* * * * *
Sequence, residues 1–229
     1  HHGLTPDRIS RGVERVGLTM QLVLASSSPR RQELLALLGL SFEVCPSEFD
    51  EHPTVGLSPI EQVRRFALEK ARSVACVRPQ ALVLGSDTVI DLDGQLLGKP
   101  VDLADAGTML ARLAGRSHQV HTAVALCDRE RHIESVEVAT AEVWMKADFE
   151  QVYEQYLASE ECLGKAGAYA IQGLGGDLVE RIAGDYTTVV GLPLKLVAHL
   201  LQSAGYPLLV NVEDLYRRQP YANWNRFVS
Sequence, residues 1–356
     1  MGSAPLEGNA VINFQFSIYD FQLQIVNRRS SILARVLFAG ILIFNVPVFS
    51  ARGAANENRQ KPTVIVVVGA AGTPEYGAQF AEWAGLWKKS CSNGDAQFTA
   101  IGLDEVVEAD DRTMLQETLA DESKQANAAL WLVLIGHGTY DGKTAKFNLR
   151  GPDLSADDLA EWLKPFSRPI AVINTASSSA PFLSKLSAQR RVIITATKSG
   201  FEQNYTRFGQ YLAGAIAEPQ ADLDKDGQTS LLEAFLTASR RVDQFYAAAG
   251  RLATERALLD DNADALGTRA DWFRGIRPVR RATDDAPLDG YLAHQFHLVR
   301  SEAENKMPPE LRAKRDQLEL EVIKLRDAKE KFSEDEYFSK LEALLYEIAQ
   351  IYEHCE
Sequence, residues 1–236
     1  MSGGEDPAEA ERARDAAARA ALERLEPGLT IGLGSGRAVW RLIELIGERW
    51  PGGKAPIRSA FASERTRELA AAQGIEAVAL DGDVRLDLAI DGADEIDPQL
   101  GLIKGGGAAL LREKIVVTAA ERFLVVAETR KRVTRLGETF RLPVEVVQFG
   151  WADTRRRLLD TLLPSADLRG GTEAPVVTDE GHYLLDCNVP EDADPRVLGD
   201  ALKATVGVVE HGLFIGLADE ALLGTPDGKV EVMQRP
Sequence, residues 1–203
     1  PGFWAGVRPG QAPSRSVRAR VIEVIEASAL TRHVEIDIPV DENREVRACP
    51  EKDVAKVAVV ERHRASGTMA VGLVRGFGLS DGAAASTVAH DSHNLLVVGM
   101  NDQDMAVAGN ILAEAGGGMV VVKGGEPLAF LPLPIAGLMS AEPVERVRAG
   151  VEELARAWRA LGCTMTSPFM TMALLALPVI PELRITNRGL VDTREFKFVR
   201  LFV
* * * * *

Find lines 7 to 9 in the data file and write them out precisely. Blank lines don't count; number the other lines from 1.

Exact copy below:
Sequence, residues 1–356
     1  MGSAPLEGNA VINFQFSIYD FQLQIVNRRS SILARVLFAG ILIFNVPVFS
    51  ARGAANENRQ KPTVIVVVGA AGTPEYGAQF AEWAGLWKKS CSNGDAQFTA